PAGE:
There is less opposition to the idea of transgender women using women’s centers that support victims of rape or assault. About two in five (42%) Americans say transgender women should be able to use these facilities if they are a victim themselves, while 37% disagree. Women (45%) are more likely than men (39%) to say transgender women should be allowed to access these crisis resources. 

Men are more likely than women to believe that allowing transgender women into spaces reserved for women, such as restrooms or changing rooms, poses a risk of harm. Men (46%) are 11 percentage points more likely than women (35%) to say that allowing transgender women in these spaces presents a genuine risk of harm to women. Two in five women (39%) don’t agree.  


Republicans (62%) are more likely than Independents (41%) and Democrats (23%) to say that allowing transgender women in these spaces presents a genuine risk of harm to women.  

When it comes to transgender men in men’s spaces, public opinion tends to be similar to the opinions about transgender women in women’s spaces. About half of Americans (47%) say transgender men should not be allowed to take part in men’s sporting events, while 44% don’t think they should have access to men’s changing rooms. A similar percentage of Americans (42%) don’t think transgender men should be allowed to use men’s restrooms.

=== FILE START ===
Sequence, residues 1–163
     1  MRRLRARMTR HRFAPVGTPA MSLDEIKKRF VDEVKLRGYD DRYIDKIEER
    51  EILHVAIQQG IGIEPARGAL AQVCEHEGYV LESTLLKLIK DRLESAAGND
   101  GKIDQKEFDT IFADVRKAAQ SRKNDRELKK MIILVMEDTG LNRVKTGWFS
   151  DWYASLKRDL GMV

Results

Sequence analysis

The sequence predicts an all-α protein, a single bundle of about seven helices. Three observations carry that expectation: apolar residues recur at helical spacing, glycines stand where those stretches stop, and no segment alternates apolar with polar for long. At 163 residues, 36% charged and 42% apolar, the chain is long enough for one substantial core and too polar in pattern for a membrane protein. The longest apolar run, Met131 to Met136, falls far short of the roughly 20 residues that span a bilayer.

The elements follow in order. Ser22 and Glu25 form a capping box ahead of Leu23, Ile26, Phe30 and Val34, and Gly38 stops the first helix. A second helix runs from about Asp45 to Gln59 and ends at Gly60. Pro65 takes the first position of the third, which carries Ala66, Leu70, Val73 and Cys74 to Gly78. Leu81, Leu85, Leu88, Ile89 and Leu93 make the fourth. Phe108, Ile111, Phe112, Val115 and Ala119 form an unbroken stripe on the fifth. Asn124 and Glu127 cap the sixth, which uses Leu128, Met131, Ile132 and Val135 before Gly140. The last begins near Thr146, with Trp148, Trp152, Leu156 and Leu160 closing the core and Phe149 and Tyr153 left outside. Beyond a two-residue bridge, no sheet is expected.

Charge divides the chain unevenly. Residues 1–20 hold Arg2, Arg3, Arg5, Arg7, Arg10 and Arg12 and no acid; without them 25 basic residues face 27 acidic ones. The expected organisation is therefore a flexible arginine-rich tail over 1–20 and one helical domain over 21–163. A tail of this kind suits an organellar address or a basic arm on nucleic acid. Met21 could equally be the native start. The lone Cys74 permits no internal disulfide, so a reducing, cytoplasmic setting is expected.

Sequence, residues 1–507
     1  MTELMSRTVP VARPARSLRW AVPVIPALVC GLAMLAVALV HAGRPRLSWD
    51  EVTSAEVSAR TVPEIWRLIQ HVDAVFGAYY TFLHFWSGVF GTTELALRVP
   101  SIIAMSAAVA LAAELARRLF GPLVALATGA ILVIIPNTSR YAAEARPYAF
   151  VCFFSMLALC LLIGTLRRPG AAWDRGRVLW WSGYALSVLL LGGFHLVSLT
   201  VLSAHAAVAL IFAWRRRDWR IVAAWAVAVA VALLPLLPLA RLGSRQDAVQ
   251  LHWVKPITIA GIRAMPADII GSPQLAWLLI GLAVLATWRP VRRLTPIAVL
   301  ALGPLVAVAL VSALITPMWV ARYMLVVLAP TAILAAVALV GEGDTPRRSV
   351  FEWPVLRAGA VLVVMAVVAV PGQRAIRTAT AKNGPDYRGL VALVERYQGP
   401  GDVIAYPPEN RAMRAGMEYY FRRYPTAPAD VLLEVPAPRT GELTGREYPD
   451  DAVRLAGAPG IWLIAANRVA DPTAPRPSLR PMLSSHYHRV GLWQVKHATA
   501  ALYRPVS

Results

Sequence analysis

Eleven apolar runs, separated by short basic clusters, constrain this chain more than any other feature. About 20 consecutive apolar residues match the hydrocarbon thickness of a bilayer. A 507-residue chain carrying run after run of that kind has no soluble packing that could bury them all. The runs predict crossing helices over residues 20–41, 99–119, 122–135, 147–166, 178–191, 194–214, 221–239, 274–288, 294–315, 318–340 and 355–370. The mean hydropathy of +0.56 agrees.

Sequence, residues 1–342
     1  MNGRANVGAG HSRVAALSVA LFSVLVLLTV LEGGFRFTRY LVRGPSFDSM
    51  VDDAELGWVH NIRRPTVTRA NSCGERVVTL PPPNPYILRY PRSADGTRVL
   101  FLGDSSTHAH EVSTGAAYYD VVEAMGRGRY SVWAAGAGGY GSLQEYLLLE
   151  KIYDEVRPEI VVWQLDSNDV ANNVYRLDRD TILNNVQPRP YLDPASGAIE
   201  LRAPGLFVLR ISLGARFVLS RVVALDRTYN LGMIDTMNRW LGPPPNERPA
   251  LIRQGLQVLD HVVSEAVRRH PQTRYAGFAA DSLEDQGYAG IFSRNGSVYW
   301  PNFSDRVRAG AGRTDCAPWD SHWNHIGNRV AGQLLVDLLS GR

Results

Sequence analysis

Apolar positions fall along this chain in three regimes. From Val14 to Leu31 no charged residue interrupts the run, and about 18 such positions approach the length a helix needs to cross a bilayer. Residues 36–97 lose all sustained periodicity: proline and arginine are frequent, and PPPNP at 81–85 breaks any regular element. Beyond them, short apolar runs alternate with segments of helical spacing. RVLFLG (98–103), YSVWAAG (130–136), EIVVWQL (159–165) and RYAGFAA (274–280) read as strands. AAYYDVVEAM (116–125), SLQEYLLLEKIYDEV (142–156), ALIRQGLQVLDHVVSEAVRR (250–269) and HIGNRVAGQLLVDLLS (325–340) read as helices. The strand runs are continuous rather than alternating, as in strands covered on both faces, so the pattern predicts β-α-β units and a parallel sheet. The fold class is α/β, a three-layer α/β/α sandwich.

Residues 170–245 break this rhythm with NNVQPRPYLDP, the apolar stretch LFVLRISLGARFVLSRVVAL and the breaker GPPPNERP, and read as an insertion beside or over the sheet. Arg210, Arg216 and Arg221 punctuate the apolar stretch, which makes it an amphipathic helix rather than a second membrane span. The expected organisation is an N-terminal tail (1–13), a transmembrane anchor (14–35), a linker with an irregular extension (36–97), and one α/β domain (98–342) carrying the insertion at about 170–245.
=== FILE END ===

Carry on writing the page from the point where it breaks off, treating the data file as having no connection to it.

It is worth noting that Americans are even less likely to support a transgender person’s being allowed to use the facilities for their gender identity if the person has not had sex reassignment surgery (also called gender confirmation surgery).   

Half (51%) of US adults say transgender women should not be able to use women’s changing rooms and women’s restrooms if they have not had sex reassignment surgery. Far fewer (31% for changing rooms, 32% for restrooms) say they should be allowed to do so.  

When asked the same question about transgender men being allowed to use men’s changing rooms and restrooms in cases where they have not had gender confirmation surgery, the findings are similar. Half (49%) don’t think transgender men should be able to use men’s changing rooms, and 48% say they shouldn’t be able to use men’s restrooms.  

See full toplines and tables here.   

Related: Where does the British public stand on transgender rights?

Methodology: 1,000 US adults were surveyed via YouGov from August 25 – 31, 2021. The responding samples are weighted to be representative of the US population.   

Image: The Gender Spectrum Collection